Carbon pathway must create opportunity: Cattle Council

Guest Author, 19/10/2021

Cattle Council of Australia president Markus Rathsmann.

CCA President Markus Rathsmann said Australia’s pathway to meet its climate targets were a once in a generation opportunity to make beef part of the wider climate solution.

“The beef industry has stewardship over nearly 80 percent of Australia’s farmland – this will be vital in any climate solution,” Mr Rathsmann said.

“A successful pathway to our climate targets will be one beef producers want to engage in.

“We’ve already cut our emissions in half and are progressing a plan to reach net-zero by 2030.

“Any producer involvement must be voluntary – we can’t be forced to carry the burden again.

“If cattle producers aren’t given a choice, then the government’s policies would have failed.

“Also, cattle are part of a natural cycle and don’t put more carbon in the atmosphere as fossil fuels do.

“Climate policy presents too many opportunities for the beef industry, to get this wrong.

CCA Independent Director Olivia Lawson said the cattle industry had the know-how to improve environmental outcomes while boosting productivity.

“Seaweed feed additives can boost beef production by 20% while cutting emissions by 96 percent, Ms Lawson said.

“Soils can capture carbon, while improving pastures, and boost the number of cattle we can run.

“Smart vegetation management can create shelter for our animals and improve weaning rates.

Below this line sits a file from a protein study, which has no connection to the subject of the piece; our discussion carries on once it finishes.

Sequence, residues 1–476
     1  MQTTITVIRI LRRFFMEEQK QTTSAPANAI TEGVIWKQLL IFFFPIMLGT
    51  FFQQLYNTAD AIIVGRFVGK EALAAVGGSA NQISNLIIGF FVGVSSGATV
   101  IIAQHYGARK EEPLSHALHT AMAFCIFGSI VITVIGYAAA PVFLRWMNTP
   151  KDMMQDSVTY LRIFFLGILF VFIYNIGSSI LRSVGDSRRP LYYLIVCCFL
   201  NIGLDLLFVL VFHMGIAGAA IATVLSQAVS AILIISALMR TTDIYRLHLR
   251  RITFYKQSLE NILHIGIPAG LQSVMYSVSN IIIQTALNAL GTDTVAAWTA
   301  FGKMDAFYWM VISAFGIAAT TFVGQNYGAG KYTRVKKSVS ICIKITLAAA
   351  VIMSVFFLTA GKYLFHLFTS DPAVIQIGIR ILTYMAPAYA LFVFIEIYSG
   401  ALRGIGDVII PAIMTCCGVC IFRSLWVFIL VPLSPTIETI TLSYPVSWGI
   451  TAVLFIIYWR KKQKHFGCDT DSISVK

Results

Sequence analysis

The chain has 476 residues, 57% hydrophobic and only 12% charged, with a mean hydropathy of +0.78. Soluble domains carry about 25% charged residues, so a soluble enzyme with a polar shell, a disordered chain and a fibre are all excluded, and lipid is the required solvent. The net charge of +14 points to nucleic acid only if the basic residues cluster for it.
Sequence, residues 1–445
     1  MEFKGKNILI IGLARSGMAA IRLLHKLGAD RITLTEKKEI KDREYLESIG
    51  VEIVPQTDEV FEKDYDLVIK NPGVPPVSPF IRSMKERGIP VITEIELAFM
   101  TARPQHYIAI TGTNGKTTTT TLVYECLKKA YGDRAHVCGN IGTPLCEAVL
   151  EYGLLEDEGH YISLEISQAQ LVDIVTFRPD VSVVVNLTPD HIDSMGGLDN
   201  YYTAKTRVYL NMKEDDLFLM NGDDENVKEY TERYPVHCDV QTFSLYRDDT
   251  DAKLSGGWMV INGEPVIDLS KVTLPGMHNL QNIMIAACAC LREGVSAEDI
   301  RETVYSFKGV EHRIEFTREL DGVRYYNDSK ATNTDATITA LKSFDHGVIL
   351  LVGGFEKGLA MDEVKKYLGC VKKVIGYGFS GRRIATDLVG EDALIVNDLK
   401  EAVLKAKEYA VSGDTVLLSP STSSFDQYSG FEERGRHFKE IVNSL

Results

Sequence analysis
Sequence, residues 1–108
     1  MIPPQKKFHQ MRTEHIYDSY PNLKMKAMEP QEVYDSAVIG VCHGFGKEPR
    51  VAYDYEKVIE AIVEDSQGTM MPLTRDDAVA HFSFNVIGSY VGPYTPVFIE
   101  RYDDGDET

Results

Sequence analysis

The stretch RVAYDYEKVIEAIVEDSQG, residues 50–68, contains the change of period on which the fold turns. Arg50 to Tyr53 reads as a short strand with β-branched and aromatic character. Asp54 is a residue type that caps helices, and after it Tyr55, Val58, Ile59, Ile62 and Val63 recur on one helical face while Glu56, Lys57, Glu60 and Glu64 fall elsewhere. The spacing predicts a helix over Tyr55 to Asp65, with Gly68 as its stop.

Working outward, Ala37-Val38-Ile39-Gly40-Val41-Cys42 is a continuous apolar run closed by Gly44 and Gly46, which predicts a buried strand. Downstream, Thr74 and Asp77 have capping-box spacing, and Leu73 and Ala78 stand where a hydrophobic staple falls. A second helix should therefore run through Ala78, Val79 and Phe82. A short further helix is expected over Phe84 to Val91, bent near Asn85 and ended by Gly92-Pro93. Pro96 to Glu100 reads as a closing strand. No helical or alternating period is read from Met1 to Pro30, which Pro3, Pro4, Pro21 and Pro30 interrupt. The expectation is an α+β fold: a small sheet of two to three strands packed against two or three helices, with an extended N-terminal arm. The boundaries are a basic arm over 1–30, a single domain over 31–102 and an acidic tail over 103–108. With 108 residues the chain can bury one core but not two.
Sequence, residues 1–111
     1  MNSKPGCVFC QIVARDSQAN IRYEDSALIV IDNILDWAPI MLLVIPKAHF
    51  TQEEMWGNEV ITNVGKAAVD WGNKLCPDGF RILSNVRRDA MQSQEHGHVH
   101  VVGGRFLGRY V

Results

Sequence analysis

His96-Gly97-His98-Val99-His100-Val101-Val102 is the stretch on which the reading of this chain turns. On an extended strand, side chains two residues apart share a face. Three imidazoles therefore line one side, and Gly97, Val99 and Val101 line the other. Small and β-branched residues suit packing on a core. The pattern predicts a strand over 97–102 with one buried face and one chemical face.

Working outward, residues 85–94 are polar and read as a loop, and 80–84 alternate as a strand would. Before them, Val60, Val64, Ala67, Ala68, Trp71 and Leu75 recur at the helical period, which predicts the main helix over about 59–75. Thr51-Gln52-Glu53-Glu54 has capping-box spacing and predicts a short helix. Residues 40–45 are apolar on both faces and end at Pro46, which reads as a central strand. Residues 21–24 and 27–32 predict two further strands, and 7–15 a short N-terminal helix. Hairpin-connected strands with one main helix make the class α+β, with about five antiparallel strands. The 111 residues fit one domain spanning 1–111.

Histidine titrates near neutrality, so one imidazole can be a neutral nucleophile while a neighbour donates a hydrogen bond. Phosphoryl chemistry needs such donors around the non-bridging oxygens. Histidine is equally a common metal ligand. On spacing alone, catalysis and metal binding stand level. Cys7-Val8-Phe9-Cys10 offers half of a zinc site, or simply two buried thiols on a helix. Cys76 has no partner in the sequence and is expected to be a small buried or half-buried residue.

“We need the right climate policy framework, so these initiatives benefit both producers and the environment.

“70 percent of Australian beef is exported and we can’t afford to fall out of step with our international competitors and investors.

“The Australian beef industry underpins more regional communities than any other business. The future of regional Australia depends on a constructive dialogue between government and the beef industry.”

Source: Cattle Council of Australia. More information: www.cattlecouncil.com.au/sustainability


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  1. Peter Dunn, 19/10/2021

    The circumstances which prevail in relation to Australia’s climate targets presenting “significant opportunities for beef producers” are, in principle, not dissimilar to those which prevailed prior to the introduction of the NLIS. Then, the larger operators, willingly or otherwise, accepted the scheme and just got on with it because they could afford to. They wanted to be able to access any benefit the scheme provided. Not so the smaller operators, who pleaded unsuccessfully for an extension of time to purchase the technology and modify their infrastructure. Basically, the smaller operators didn’t get much of a hearing. Please, let us not repeat the process.

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